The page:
I’d like to ponder those things generally known as “illustrations.” I tend to refer to them as “support materials” to recognize their function. Or even better, I prefer to call them what they actually are, either “explanations” or “proofs” or “applications” since that forces me to be purposeful in how I use them. Notice I don’t call them “fillers” or “entertainers” or “treading waters” or “favorite anecdotes” or whatever. They are there either to explain, prove or apply what I am saying, otherwise they are not developing the thought or moving the message forward. Anyway, back to the point of the post – there seem to be two types of preachers when it comes to “illustrations.”
1. There are those who struggle to find, record, keep, select and use illustrations. After all, it does seem to take quite a discipline to create, use, maintain and then access a personal illustration library or database. I take my hat off to all who achieve this and use it well, but I know that many preachers are like me – illustration strugglers. Generally speaking, and this is very general, people in this category should probably do better with illustrations. Having said that, and it was only in general, but nevertheless, there are other ways to “illustrate” a message than the standard array of notes, quotes, anecdotes, personal experiences, etc. But that is for another post. For now, this category could probably increase the frequency and quality of their illustrations.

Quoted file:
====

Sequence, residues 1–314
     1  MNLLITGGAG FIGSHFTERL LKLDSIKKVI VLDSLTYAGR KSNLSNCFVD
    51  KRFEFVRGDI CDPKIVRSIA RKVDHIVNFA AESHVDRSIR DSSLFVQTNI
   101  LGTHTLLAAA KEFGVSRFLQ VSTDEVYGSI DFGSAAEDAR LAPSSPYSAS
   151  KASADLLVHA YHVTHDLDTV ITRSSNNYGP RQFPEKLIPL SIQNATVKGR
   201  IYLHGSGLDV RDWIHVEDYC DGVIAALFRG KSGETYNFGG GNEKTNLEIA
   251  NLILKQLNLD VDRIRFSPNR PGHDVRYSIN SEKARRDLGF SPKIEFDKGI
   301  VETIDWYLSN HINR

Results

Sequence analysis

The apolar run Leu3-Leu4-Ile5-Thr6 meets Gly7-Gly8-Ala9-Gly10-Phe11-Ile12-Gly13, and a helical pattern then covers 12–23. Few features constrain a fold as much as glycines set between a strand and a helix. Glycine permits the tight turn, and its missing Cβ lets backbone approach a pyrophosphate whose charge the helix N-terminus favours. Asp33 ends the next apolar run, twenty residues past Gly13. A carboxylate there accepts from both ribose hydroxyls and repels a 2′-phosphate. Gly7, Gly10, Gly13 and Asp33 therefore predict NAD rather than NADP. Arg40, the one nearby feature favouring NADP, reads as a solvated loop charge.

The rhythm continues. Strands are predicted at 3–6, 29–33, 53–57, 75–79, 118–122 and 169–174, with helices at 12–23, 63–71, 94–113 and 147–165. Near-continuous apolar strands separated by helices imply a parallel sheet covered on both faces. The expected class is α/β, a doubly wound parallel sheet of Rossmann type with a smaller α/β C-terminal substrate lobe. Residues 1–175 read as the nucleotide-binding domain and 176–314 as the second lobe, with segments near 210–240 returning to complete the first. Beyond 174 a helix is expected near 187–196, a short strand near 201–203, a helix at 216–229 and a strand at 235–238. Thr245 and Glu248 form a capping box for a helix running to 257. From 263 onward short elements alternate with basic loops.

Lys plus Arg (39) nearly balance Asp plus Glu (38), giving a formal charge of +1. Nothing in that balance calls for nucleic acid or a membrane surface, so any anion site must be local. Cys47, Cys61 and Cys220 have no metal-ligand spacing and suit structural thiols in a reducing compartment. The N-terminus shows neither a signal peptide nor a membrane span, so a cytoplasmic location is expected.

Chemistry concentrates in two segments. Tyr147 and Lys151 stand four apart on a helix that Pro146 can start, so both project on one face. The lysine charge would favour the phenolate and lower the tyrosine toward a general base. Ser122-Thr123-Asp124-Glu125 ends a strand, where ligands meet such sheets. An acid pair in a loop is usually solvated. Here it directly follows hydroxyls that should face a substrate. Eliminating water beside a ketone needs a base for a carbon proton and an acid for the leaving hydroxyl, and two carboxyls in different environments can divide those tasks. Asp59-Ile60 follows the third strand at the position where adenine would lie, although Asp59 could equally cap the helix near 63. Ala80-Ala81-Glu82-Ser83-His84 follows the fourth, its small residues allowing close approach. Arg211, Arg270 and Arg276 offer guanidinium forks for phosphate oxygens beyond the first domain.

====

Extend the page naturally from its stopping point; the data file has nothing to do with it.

2. There are some, perhaps a select few, who seem to constantly overflow with illustrations. Every way they turn there seems to be three or four brief illustrations or passing comments that relate to the word currently before them. While it may be superficially something to envy for the majority of us in the former category, I would like to offer one observation to illustration fountains. It is possible to achieve illustration saturation. Sometimes in the preponderance of “interesting” materials the text itself can be lost.
Some struggle to illustrate. Others struggle to stop illustrating. Remember the goal of preaching is to effectively and faithfully explain and apply the Bible passage(s) for life transformation. The goal is not to bounce from important term to important term, filling the gaps with a string threaded with pearls of interest and offset with other biblical quotes in order to illustrate the gospel . . .
Some of us, perhaps not many, but some, need to be very wary of illustration saturation.